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AngryDonkey

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About AngryDonkey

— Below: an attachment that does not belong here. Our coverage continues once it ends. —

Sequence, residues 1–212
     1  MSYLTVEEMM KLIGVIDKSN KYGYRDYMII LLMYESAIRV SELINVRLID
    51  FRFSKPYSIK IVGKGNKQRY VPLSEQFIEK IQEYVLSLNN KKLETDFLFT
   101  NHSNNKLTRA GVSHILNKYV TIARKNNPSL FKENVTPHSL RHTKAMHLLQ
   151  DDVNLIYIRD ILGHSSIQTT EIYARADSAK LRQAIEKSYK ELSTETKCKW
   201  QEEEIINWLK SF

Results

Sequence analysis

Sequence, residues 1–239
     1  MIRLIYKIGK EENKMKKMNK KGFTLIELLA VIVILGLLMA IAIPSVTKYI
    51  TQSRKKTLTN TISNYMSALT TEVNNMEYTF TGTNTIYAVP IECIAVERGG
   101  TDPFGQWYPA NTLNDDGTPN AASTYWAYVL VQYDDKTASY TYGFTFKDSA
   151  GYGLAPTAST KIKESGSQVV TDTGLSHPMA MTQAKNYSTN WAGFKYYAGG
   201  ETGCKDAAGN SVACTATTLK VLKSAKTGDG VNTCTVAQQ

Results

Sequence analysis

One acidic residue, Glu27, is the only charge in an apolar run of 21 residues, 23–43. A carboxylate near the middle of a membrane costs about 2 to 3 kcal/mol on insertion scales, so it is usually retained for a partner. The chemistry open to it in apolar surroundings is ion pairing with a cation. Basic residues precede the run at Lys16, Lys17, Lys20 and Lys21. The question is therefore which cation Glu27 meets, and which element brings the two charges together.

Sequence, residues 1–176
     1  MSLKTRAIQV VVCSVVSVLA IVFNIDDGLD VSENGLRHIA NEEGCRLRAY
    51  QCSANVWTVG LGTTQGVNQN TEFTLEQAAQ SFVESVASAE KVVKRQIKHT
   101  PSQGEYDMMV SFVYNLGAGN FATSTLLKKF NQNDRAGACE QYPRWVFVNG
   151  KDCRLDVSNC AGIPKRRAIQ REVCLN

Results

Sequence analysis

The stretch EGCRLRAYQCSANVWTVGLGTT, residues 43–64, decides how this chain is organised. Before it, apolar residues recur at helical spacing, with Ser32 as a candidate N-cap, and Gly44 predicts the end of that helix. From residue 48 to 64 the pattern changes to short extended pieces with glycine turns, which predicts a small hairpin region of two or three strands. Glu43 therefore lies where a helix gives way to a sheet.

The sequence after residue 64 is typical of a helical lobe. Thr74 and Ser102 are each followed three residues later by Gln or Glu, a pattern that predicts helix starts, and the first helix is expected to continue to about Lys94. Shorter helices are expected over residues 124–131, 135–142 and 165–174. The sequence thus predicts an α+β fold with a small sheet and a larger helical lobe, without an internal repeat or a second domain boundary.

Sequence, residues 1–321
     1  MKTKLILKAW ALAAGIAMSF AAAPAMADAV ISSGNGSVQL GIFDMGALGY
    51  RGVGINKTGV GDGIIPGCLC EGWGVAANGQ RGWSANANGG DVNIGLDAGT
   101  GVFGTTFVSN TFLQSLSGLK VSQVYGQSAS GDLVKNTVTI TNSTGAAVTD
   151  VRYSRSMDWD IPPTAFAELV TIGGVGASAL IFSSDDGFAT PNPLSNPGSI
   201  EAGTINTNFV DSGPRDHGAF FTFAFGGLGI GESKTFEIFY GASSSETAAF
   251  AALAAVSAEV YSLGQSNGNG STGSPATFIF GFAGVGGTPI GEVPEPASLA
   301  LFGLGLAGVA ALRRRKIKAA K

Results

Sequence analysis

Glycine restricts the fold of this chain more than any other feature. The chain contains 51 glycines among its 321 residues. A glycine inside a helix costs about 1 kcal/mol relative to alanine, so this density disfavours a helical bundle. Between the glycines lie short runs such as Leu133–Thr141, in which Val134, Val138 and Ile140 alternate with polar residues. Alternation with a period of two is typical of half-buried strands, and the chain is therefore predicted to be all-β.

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  1. Personally I wouldn't rush into anything. It sounds like you have a fair amount of money to put towards this project (which is a great starting point!) but there are lots of options and it will certainly pay off to take some time to decide. If that implies that at sometime in the not too distant future you will be going down that road then I personally would skip the OSC camera and go straight to mono (I don't think that OSC is a 'stepping stone' to mono). Yes it is more complex in terms of how many things you need (i.e. filter wheel) and an additional device to manage when acquiring but once up and running not really such a great burden. And as has been mentioned OSC is not actually any 'quicker' in acquiring data, it's just a bit less faff. In processing terms there is also some 'evidence' that it is harder to process OSC data in comparison to mono data. If you are planning to get auto focussing up and running as well then taking flats becomes easier and doesn't necessarily have to be done at the same time as taking lights. And yes, mono will open up a lot narrowband targets. From personal experience (I image at a similar field of view) there are a lot of great narrowband targets out there for this field of view. Don't underestimate this as narrowband imaging can be done under 'worse' conditions (light pollution/moonlight) compared to normal imaging (although there are very new types of filters which somewhat mitigate this i.e. allow some narrowband imaging on OSC cameras). Maybe you have already done this but it will be worth having a good look round which software will work best for you. APT has come a long way, is well supported and intuitive but it might be lacking some features that you might (or might not) need. For example I don't think it does have 'in sequence' auto focus as yet (although it is planned at some point) which could be a problem if you are thinking of going down that road. In terms of scope and camera I think the FSQ106 really shines when you pair it with a large format camera i.e. it produces a large image circle and is one of the best scopes to do that well. However if you don't need the large image circle (because you decide to go for a smaller camera chip) then there are other good scope options for less money. Again you may have already considered this but for a dual rig you want your field of view (and possibly resolution) to be similar for both setups so it would make sense to ensure that whatever you buy would take that into account as well. Hope this helps. Personally I would probably wait with buying the FSQ106 if you already have the FSQ85. This is a great scope for astrophotography and you could get up to speed with the CCD on that first before moving onto something else (unless that scope is used for other stuff).